Holyhead Breakwater Lighthouse
The Holyhead Breakwater Lighthouse, which was completed in 1873, was most likely designed by Victorian civil engineer, John Hawkshaw who was born in 1811. His most famous work was the Severn Tunnel. The Lighthouse on the Breakwater was the last structure to be built.
The Lighthouse at the end of Holyhead Breakwater is the only one on Anglesey that is square, it was built like this to make the accommodation easier for the Lighthouse keepers, apparently most of the living quarters inside still remains in intact.
It is 3 storey The original portrait styled windows are now bricked up.
Breakwater Lighthouse distinctive square shape
The Lighthouse is quite distinctive like most, now rendered and painted Black and White, but not always, originally was unpainted just plain Limestone bricks.
It is possible to see the faint outline of the original Limestone blocks in the black painted section.
The external features of the Lighthouse include a roll moulded string course projecting just above the first course. The height of the Breakwater Lighthouse is only 19 meters, although it lies 21 meters above the high water mark due to the height of the breakwater itself.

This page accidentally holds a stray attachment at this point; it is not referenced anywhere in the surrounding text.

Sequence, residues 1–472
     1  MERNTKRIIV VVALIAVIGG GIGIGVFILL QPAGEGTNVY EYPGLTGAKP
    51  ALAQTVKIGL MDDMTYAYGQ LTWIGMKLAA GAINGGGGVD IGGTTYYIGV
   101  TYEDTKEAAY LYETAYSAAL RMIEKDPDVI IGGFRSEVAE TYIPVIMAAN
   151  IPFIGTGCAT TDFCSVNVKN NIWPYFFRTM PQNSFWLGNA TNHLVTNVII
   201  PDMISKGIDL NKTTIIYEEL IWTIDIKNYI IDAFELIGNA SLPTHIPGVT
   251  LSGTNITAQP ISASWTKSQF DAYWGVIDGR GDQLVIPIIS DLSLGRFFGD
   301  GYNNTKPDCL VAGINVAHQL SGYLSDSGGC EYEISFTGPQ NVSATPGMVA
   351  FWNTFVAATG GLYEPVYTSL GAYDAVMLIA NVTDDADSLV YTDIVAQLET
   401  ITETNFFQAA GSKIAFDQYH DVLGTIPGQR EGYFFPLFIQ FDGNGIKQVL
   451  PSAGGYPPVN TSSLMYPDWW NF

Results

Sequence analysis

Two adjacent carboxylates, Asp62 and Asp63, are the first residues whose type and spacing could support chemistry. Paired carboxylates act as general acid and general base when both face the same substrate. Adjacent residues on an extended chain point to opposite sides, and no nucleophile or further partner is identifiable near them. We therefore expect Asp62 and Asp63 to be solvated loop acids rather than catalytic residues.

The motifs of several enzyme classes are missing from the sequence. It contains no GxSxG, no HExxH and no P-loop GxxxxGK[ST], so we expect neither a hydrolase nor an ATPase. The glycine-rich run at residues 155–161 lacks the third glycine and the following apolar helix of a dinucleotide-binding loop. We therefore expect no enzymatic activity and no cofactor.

Railway line up to Breakwater lighthouse
On the lower level of Holyhead Breakwater, which is on the eastern side of the structure, the remains of the railway sleepers that once carried the railway lines.
This railway line was used for the locomotives that carried the limestone from the nearby limestone quarry on Holyhead mountain to build this massive structure.
Some of the actual original metal railway tracks can be seen just before you arrive on the Breakwater.
Breakwater Lighthouse Automated
The Holyhead Breakwater Lighthouse was manned until November 1961, when it was automated.
Like most of the Lighthouses within Gwynedd it is operated by the Control Centre in Holyhead which is the responsibility of Trinity House.
The Holyhead Port Authority which is run by Stenna is responsible for the upkeep of the Breakwater lighthouse.